The Ireland players were given the day off yesterday ahead of the remaining two games in the World Cup Super League series against Afghanistan in the space of three days.

The 16-run defeat in Abu Dhabi on Thursday allowed Afghanistan to draw level with them in the World Cup qualifying table but, after scoring 271 and taking 56 runs off their star performer, Rashid Khan, there is plenty of confidence in the camp that they can come from behind and win the series, as they did in the teams' only previous one-day internationals in the UAE in 2017.

The 'blame' for Ireland having to chase so many in the opening game was put down to the two dropped catches by wicket-keeper Lorcan Tucker, which allowed debutant Rahmanullah Gurbaz to score an extra 107 runs and Rashid to hit 17 from the last over.

But Tucker clawed back 83 of those runs from his own bat in Ireland's unsuccessful chase, so his place for tomorrow's second game is not in doubt and he hopes not just him but Ireland get it right next time.

"I think we let ourselves down in the field, myself included, and that had a drastic effect on their total and our chase," he said.

"As a group we work hard on our fielding and we hope that yesterday was a one-off and we can return to our high standards on Sunday."

Tucker's second 50 for Ireland followed his third best score, 42, in the second ODI against the UAE three days earlier, and the Pembroke batsman said that helped him kick on against Afghanistan.

"Time in the middle really stands to you on wickets like this," added Tucker. "I was lucky to get that time against the UAE and that gave me some confidence yesterday. However, while it was nice to get some runs, they don't mean that much if we don't get that win.

"Obviously Rashid and (Mohammad) Nabi together form a dangerous attack, but our plans revolve around nullifying that threat by turning over the strike and taking minimal risks. We know as long as they're not taking wickets, we're going alright."

A fresh pitch has been prepared in the Sheikh Zayed Stadium, so Ireland have a decision to make on their attack - whether to play the extra spinner again or rotate the pace bowlers.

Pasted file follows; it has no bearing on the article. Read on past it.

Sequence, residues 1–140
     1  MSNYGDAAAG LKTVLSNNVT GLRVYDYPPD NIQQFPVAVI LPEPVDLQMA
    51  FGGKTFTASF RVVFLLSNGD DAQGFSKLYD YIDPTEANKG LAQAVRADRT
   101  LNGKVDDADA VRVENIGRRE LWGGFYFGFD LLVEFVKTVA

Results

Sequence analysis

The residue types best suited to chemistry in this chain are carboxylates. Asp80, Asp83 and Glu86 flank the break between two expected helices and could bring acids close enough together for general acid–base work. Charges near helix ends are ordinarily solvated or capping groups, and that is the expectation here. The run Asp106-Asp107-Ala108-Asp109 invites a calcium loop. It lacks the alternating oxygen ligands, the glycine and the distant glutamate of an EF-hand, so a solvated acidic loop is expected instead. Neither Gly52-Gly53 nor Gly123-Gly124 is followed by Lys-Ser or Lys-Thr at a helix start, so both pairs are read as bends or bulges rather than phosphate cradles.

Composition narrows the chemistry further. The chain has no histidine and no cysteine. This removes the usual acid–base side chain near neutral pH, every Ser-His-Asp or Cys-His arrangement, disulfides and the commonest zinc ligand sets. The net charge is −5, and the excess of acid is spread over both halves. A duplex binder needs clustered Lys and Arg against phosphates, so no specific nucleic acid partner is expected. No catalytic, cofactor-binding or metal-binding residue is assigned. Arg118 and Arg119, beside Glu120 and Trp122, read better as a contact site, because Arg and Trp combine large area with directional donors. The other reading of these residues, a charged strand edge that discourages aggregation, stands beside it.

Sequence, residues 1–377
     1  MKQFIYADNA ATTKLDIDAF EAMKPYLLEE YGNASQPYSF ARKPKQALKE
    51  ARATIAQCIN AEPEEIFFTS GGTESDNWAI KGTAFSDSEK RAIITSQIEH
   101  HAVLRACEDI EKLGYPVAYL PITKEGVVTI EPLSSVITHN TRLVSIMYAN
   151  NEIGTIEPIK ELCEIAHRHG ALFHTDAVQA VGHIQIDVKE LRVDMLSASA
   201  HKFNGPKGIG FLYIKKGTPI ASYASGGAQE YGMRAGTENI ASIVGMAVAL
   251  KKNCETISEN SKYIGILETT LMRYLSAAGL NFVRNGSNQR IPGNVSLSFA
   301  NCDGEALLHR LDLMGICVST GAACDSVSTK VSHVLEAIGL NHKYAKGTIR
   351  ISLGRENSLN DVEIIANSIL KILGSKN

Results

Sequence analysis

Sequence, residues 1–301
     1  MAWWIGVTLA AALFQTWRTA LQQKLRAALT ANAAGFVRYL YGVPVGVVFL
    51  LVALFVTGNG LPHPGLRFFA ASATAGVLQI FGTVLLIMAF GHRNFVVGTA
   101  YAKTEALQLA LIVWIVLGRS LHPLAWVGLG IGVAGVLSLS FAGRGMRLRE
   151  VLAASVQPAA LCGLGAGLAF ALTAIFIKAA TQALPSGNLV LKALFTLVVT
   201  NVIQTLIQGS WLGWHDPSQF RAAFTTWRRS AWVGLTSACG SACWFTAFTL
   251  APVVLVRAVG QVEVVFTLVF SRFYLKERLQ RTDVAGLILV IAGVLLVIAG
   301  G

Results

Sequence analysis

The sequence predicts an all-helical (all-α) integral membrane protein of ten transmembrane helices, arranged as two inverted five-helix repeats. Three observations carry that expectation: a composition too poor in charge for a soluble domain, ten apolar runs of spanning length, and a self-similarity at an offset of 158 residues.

Mark Adair has been left out of the last two games and Josh Little, with his left-arm variety, has been training well after recovering from Covid, with Craig Young, who has failed to take a wicket on this trip - although he was denied Rashid's wicket with his final ball on Thursday by Tucker's drop - the most likely to make way.

As captain Andrew Balbirnie said in the post-match press conference: "We know what we are up against when we meet Afghanistan, they are skilful with the ball but we are just as skilful with the bat, and we just have to go out there in the next two games with a clear head and back our abilities.

"They took momentum into the second innings from their last five overs (when they scored 66) and we knew we'd have to start well with the bat. Unfortunately we didn't do that."

It was the second game in a row that Ireland's 'Big Three' of Paul Stirling, Kevin O'Brien, in his new role as opener in ODIs, and Balbirnie have failed, but it means they are one match closer to a big score.

If even one of them gets a century, the middle-order are in form and the Ireland bowlers gained enough encouragement on Thursday to know they can take wickets and defend a competitive total.